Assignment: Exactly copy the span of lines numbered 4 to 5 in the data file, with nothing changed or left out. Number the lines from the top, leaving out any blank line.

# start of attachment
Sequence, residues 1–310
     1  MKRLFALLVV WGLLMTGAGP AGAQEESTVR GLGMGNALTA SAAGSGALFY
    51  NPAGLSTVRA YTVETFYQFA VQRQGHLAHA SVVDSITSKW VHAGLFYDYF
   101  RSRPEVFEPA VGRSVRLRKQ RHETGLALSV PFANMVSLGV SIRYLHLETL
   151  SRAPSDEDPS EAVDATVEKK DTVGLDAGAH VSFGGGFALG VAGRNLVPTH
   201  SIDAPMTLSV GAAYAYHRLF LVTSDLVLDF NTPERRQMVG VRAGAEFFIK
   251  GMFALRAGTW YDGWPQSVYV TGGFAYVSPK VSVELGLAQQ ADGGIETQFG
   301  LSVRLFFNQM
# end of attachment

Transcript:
   101  RSRPEVFEPA VGRSVRLRKQ RHETGLALSV PFANMVSLGV SIRYLHLETL
   151  SRAPSDEDPS EAVDATVEKK DTVGLDAGAH VSFGGGFALG VAGRNLVPTH